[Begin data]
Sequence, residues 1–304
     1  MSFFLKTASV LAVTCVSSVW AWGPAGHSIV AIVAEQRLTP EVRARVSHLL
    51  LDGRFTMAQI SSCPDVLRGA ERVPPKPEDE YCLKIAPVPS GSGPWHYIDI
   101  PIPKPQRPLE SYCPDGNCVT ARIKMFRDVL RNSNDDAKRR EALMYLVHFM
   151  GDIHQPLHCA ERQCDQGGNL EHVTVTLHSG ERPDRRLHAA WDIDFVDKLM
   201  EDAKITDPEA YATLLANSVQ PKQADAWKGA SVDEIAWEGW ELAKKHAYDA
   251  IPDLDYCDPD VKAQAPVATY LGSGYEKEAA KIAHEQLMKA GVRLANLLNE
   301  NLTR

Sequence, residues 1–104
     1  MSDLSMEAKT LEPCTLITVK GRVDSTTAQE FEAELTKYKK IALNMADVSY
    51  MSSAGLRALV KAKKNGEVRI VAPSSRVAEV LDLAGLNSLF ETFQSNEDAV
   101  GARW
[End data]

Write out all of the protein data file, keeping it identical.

Sequence, residues 1–304
     1  MSFFLKTASV LAVTCVSSVW AWGPAGHSIV AIVAEQRLTP EVRARVSHLL
    51  LDGRFTMAQI SSCPDVLRGA ERVPPKPEDE YCLKIAPVPS GSGPWHYIDI
   101  PIPKPQRPLE SYCPDGNCVT ARIKMFRDVL RNSNDDAKRR EALMYLVHFM
   151  GDIHQPLHCA ERQCDQGGNL EHVTVTLHSG ERPDRRLHAA WDIDFVDKLM
   201  EDAKITDPEA YATLLANSVQ PKQADAWKGA SVDEIAWEGW ELAKKHAYDA
   251  IPDLDYCDPD VKAQAPVATY LGSGYEKEAA KIAHEQLMKA GVRLANLLNE
   301  NLTR

Sequence, residues 1–104
     1  MSDLSMEAKT LEPCTLITVK GRVDSTTAQE FEAELTKYKK IALNMADVSY
    51  MSSAGLRALV KAKKNGEVRI VAPSSRVAEV LDLAGLNSLF ETFQSNEDAV
   101  GARW